The term "sophisticated" is obviously an unfortunate, and misunderstood term (but a legal one as VC says) because at some stage on every forum I have been on from the time of hot copper startup this debate with the same comments have popped up.The original post asked why they use the term sophisticated, The reason it is being used is because it has a legal definition, and only because of the legal restrictions.
The people putting the deals together know that their deal doesn’t meet the qualifications to allow them to offer it to retail investors, hence they say something like “open to sophisticated investors only”, remember it was the government that invested the term.
if you are on the ski slopes, and you see a sign saying “experienced skiers only” or it’s marked as a double diamond slope, they are not trying to make the slope seem exclusive, they are letting you know it’s not designed for beginners and might not have the normal safety barriers you expect of the beginner or intermediate slopes, it’s exactly the same with investing.
while you might be interpreting that as them trying to make the deal appear exclusive, it’s actually a legal requirement, and if anything should be seen as more of a “buyer beware” sign.
hi, interestingIt’s more than that, there is actually certain investments that you can’t invest in unless you are a wholesale investor, the reason for that is basically so they don’t have to jump through all the hoops of get asic approval to make a retail offer.
for example, I was just looking at putting some money into an unlisted property fund recently, there was several that I was looking at, and some the property funds were only open to sophisticated investors, one of them owned nothing but Telstra Exchanges leased back to Telstra on 25 year leases, from the looks of it the deal was put together pretty quickly when it was done so was never put together in a way to make a retail offer, it’s not about making the investors feel good, it’s about putting a deal together easily, and if it’s a deal that’s good enough to get a lot of wholesale support, why go to the extra fuss of offering it to retail clients?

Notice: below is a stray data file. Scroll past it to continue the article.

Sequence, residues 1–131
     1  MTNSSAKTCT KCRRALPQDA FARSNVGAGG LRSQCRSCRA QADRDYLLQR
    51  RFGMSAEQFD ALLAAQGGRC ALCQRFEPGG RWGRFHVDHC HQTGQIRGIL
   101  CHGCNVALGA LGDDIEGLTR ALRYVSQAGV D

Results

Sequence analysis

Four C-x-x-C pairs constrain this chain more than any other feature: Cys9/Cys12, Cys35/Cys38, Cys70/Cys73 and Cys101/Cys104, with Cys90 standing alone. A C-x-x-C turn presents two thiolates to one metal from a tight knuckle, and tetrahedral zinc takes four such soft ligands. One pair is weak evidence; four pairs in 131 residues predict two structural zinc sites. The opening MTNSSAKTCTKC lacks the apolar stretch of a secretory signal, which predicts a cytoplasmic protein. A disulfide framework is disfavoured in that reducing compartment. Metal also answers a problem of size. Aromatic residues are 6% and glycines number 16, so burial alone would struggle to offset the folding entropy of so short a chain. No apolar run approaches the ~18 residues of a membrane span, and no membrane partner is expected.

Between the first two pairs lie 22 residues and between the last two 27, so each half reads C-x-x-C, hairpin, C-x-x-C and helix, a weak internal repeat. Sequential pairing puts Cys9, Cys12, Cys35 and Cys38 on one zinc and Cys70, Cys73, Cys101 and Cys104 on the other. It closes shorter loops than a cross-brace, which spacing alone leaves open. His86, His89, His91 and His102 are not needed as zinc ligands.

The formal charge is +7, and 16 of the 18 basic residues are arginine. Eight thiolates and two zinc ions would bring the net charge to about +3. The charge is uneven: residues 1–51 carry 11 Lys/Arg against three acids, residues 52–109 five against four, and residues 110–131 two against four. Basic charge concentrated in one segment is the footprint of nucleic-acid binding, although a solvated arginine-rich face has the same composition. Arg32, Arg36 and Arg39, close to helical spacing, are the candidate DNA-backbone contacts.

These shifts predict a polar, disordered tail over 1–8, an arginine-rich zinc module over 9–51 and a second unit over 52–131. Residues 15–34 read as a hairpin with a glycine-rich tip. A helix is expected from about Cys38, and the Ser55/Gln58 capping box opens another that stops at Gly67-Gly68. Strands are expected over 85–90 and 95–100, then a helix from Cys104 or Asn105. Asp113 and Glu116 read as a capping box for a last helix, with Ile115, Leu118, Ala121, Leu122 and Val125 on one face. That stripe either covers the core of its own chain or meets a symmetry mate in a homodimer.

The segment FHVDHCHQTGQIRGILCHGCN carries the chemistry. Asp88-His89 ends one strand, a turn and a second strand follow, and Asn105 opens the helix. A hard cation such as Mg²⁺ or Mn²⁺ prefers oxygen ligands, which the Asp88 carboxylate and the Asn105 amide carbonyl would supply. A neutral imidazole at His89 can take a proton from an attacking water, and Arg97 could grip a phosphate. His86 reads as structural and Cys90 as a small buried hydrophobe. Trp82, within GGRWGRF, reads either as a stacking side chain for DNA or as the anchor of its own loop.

I have seen credit raises given to "sophisticated investors" at very large discounts.
Where do the SI's find out about these offers, from their accountants, stockbrokers or where?
Oh dear, tongue firmly in cheek again.I would express some caution about becoming a sophisticated investor, as it follows on that well worn phrase from JP Morgan, "If you have to ask, you can't afford it."
Consider it from the point of view of a broker, REIT, private entity or even someone such as the footloose Melissa Caddick. As always there is a queue, begging them to show favour, and new sophisticates will be last.
Those at the head of the queue, old money, money being laundered, friends and family and fellow worshippers of the supplier, will have first dibs at the offer.
As a new sophisticate you may "just miss out" on what subsequently one can wash through a Hot Copper Sink for double one's investment. Fear not, you will be offered, as last in the queue now moved up to the head, an absolute dog.
With the asset and income levels quoted above many public servants, garbos and politicians might be described as "sophisticated".